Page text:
PLAY is a new writing initiative that aims to inspire collaborative working by bringing together writers and directors and giving them two weeks to come up with a short play. And here at the VAULT Festival, there’s two sets of four plays, or PLAYs, bringing together a rather exciting set of creatives to produce some spankingly fresh theatre. The second set takes place mid-February but I’d urge you to book for this one now (you’ve got until Sunday) as I reckon it’s the best tenner you can spend this week, with some seriously impressive work going on here.
Play 9, written by Chloe Todd Fordham and directed by Polina Kalinina, felt like a bit of a riff on Shallow Grave, three university pals skirting around an uncomfortable truth about their (unseen) flatmate. Starting off with a well-choreographed sequence of fighting over a remote, Fordham’s writing quickly slipped into its structure of three differing accounts of what happened, slightly complementary, slightly contradictory, full of detail fleshing out the complex relationships herein, slowly but surely moving the place of real revelation. A couple of right-up-to-the-minute references perhaps overplayed their hand but I did mostly enjoy the shifty evasion of this guilty trio. Continue reading “Review: PLAY, VAULT Festival”
“I wanted to be with the animals”
There’s plenty of men looking for bears under the railway arches of Southwark for those of that particular persuasion but in Gentle Tim, it’s most definitely the more ursine types in play. Over The Limit’s inaugural London production, directed by Sinead O’Callaghan, takes its inspiration from the life of Timothy Treadwell, immortalised in Werner Herzog’s Grizzly Man but given a new treatment here by Joseph Cullen, who also plays Tim himself.
Treadwell was an American environmentalist, best known for spending 13 consecutive summers in Alaska with nothing but a video camera and the population of grizzly bears there for company. Cullen asks the question whether he was a genuinely well-intentioned documentary-maker or a fantasist suffering delusions of grandeur in the isolated Alaskan wilderness. Blending physical theatre, a score of cinematic scale and dramatic monologue, Gentle Tim looks anew at this fascinating figure. Continue reading “Review: Gentle Tim, VAULT Festival”
|(c) Will Hazell
Tickets are now on sale for the 2016 Vault Festival which is bringing together over 100 productions from across the widest possible spectrum of the arts. Running from 27th January until 6th March, there’s six weeks of programming from family-friendly work to late-night parties, with comedy, cabaret, theatre and much more inbetween. Continue reading “2016 Vault Festival – tickets now on sale”
“Some stories are more powerful than others”
I’m not normally one for doing preview pieces but for this show, I’m making the exception. Douglas Rintoul’s Elegy was one of the best shows I saw in 2012, making my top 25 for the year and inspiring a rather rapturous review. So I was glad to hear that a) it has had a successful time of it since then, winning an RNT Foundation Playwright Award and touring internationally (indeed the show is currently enjoying a critically acclaimed Spanish language run in Madrid) and b) it is returning to the UK for dates here in London and in Brighton.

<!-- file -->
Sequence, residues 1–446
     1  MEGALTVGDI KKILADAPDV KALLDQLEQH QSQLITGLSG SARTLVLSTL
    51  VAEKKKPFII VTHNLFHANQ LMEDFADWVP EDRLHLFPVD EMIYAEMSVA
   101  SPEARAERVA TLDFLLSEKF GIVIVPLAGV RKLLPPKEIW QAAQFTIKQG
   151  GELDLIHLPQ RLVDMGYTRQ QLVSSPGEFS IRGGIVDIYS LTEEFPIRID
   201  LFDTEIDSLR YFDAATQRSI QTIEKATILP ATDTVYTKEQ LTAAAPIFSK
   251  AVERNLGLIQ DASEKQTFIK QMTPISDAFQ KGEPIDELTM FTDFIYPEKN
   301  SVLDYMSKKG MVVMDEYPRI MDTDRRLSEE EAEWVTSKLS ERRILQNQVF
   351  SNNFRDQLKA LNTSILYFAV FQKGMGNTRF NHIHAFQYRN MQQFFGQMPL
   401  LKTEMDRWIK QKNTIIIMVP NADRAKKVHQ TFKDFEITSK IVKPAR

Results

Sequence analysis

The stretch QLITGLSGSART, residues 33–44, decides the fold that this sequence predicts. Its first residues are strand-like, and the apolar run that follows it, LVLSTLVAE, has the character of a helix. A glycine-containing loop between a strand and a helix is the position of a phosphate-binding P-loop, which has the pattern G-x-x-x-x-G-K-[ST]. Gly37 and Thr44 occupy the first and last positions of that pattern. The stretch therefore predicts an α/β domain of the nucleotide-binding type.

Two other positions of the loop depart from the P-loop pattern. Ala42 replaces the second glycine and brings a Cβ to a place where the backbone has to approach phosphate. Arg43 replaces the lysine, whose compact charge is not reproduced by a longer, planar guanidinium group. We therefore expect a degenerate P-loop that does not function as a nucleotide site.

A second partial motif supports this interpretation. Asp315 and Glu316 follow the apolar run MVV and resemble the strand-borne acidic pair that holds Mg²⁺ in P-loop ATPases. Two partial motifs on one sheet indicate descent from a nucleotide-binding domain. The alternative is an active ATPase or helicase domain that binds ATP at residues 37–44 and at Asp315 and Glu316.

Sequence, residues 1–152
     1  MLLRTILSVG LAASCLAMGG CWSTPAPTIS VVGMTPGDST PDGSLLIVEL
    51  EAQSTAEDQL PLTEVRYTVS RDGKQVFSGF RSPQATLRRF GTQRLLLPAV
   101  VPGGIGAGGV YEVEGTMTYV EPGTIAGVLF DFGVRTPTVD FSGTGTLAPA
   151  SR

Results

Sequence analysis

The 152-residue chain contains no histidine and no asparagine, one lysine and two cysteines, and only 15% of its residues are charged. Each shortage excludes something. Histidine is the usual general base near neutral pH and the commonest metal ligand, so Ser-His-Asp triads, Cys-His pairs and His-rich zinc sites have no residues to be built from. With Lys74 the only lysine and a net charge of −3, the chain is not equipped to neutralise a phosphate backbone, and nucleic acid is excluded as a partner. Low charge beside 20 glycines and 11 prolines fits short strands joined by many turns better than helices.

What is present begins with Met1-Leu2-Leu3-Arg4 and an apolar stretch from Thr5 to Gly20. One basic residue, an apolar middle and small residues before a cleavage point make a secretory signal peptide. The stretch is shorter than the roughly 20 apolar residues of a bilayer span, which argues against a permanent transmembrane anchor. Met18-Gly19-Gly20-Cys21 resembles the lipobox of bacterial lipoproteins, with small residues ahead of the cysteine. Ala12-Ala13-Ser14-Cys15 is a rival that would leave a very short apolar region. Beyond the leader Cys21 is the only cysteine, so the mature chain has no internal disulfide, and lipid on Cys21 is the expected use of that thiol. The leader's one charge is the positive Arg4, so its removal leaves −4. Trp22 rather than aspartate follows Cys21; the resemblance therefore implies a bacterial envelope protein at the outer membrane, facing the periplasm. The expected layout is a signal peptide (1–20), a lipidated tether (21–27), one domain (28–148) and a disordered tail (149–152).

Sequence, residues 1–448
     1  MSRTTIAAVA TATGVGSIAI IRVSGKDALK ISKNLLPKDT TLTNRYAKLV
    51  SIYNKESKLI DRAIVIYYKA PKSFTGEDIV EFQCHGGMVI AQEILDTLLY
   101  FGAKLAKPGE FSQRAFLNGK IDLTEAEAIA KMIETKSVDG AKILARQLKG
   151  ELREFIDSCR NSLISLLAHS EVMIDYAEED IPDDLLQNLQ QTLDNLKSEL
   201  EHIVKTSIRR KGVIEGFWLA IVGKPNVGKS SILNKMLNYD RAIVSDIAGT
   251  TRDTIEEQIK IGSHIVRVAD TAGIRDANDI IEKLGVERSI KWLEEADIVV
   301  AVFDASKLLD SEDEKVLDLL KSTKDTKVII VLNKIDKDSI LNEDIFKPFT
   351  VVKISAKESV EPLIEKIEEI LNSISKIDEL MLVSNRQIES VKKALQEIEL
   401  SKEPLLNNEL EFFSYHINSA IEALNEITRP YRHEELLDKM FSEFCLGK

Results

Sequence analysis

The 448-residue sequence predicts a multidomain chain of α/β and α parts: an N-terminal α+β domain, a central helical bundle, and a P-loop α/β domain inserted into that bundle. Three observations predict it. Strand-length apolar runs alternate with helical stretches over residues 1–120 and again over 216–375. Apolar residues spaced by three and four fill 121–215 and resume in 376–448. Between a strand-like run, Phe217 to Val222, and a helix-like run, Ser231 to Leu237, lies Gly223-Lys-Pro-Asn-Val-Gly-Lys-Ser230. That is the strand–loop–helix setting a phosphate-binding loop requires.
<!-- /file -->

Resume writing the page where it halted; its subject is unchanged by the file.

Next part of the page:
This one-man-show is brilliant but brutal, a searing insight into the LGBT refugee experience as a gay Iraqi man is forced on the run when the ‘liberation’ of the post-Saddam regime takes a decidedly more conservative turn, It’s the type of subject that one sadly imagines will never not be resonant somewhere somehow and with the rise of Islamic State in the Middle East, certainly now more than ever. Adam Best will be taking on the unnamed role and Rintoul directs in what will be one of the more haunting productions you’ll see all year long. Continue reading “Preview: Elegy at the VAULT Festival and Brighton’s Pink Fringe”
“I do enjoy a skimpy short”
Originally commissioned in 2012 when it played festivals like Latitude, nabokov’s Symphony is a great fit for the ethos of the Vault Festival taking place underneath Waterloo and this sparky revival proves to be one of the highlights of the programme so far. Three short plays by three of the UK’s most exciting playwrights which mix together spoken word and live music, the show treads a blurred line between theatre and gig and pulses with an exciting spirit.
The way that the three writers utilise Ed Gaughan’s music in their stories is quite different but always interesting. Jonesy by Tom Wells is a riff on sporting underdog movies, with an asthmatic student determined to prove himself in his GCSE PC class but ending up in the netball team when rugby turns out to be too rough. Iddon Jones makes a lovable lead and Wells’ quirky sense of humour shines through, not least when Jonesy’s personal theme song finally plays. Continue reading “Review: Symphony, The Vaults”